What I can do, is see her pain. Pain that is so real and so vulnerable that my own eyes teared up in response to hers.

We share a few special-needs platitudes as the sky darkens above: We talk about not taking a child’s development for granted, and how enormous the differences are between normally and differently developing children. I realise as we speak that what I have been through over the past years have brought me through my “grief” about my child having special-needs, to a place of understanding and acceptance about it, in a way that she doesn’t seem to have. Her grief and confusion still seem to occupy her; preoccupy her. But I am only observing this, and speculating, there is still no judgment here, only an effort to give her an outlet for a few minutes, until the rain starts to fall.

I apologize that I must go. My little man is worn out, and the rain is coming in. But it was nice to meet her and we agree we mutually look forward to meeting again. As I walk to the car with my toddler in my arms – his cuddly little body too tired to perform his usual wriggles –  I realise we never got each other’s names.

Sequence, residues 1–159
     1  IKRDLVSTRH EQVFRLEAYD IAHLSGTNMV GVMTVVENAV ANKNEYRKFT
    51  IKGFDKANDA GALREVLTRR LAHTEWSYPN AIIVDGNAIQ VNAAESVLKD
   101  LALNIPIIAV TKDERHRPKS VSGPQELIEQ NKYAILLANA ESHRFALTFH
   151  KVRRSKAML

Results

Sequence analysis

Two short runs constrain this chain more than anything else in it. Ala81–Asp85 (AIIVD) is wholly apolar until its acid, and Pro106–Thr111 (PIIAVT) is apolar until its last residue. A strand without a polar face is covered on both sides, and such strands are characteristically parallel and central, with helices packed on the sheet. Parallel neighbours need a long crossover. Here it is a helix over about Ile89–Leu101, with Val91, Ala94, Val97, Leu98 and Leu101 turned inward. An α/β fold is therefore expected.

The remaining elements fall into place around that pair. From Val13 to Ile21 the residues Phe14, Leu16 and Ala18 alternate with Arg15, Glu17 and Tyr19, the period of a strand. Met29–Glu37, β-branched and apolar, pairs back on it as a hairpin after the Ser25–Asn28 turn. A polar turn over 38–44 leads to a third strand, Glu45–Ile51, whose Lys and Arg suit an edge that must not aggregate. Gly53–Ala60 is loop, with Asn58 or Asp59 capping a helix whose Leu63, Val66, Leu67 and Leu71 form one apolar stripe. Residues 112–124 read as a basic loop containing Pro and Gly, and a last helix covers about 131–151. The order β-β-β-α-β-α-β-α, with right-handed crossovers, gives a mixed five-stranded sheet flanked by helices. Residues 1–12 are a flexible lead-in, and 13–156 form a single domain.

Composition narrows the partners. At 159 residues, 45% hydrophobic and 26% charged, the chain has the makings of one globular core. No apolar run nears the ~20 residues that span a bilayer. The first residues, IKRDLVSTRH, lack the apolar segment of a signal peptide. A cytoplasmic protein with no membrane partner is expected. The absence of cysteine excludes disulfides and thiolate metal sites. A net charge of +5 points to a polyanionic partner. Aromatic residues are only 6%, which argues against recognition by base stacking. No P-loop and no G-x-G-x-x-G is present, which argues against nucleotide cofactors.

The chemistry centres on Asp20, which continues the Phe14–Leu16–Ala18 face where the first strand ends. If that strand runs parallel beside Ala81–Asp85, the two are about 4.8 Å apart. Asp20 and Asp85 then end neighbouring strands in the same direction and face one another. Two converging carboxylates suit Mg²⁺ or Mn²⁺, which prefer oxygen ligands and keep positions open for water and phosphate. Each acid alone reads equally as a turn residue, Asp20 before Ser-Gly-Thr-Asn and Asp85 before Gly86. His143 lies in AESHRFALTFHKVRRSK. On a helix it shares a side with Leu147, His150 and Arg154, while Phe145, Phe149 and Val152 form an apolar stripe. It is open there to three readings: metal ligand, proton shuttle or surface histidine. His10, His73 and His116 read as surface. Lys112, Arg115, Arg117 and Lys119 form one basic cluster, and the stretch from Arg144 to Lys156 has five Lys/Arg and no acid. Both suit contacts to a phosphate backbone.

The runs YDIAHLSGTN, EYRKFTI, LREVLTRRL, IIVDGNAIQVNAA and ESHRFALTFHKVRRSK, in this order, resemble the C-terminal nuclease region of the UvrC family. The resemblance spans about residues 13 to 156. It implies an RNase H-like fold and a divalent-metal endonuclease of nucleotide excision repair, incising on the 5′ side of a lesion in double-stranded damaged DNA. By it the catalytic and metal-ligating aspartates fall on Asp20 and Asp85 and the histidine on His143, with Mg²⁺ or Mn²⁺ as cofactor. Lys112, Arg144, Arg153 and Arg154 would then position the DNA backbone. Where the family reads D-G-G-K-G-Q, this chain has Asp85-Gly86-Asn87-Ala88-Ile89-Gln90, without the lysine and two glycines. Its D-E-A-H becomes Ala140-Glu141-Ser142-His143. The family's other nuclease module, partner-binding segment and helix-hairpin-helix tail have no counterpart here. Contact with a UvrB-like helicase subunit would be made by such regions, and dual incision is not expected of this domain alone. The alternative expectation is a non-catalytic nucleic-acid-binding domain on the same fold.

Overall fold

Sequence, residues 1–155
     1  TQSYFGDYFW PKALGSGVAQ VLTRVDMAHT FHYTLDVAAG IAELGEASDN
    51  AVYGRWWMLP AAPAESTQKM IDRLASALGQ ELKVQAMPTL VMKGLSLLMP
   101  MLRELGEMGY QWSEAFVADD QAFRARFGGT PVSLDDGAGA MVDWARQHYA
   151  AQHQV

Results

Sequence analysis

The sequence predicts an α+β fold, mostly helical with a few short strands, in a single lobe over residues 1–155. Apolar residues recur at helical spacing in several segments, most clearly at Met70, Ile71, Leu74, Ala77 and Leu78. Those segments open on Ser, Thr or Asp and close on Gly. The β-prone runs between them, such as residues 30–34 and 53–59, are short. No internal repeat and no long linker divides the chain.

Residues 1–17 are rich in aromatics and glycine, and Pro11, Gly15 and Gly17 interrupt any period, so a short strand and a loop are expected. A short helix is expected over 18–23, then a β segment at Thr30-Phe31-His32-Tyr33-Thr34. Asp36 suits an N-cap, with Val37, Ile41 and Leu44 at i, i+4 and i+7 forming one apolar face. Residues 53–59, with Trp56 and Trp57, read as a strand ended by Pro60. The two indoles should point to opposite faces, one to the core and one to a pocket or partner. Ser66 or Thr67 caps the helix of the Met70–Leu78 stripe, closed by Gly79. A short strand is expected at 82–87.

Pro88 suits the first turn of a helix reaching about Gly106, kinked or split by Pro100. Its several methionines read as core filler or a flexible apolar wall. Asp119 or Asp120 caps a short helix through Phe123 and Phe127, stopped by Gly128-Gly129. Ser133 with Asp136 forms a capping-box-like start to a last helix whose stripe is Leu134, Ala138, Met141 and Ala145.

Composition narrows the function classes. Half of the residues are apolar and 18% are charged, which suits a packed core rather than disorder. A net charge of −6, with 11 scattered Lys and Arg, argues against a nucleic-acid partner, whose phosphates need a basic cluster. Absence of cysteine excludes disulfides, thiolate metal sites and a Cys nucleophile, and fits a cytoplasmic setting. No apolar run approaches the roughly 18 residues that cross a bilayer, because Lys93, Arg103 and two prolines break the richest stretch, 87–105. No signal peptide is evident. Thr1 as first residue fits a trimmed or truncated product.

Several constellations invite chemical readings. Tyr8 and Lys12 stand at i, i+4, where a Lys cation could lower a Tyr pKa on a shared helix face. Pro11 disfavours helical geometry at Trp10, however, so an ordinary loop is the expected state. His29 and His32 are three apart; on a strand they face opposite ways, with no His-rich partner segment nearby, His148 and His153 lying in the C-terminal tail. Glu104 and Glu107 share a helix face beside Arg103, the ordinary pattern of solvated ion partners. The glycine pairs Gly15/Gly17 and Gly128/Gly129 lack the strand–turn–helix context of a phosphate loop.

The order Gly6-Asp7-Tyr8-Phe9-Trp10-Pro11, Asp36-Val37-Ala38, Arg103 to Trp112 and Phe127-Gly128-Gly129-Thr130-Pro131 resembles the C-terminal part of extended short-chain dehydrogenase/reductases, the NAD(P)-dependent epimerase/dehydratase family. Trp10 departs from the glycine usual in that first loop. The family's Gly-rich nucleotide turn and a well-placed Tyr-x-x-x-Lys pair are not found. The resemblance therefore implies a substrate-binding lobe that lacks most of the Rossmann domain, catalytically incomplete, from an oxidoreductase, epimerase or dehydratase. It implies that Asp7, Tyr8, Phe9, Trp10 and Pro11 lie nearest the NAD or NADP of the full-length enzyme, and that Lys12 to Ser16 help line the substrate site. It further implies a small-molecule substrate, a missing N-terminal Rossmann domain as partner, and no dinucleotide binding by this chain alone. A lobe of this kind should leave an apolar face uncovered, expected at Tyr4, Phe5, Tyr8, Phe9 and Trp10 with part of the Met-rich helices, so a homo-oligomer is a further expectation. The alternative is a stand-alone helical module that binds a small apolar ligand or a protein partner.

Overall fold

That night in bed with my husband, I should be falling asleep but I’m thinking about her. I tell my husband that I think she is brave; that it must have been so hard to give up a child when you realise you can’t give it what it needs. Can’t? Won’t? Even as I say this I realise I don’t know enough to pronounce her brave. He says what I’m thinking; that “brave” isn’t really the right word. Is there a “right word”? I eventually fall asleep not knowing the answer to that question.

In the morning I decide to write a blog post about it, called “The Crying Stranger in the Playground,” and I wonder what my readers will think.

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17 Responses to The Crying Stranger in the Playground

  1. nostromo says:

    l think its a courageous decision..maybe that’s a better word than brave.

  2. Stef says:

    The readers are crying along with you…

  3. Tsara Shelton says: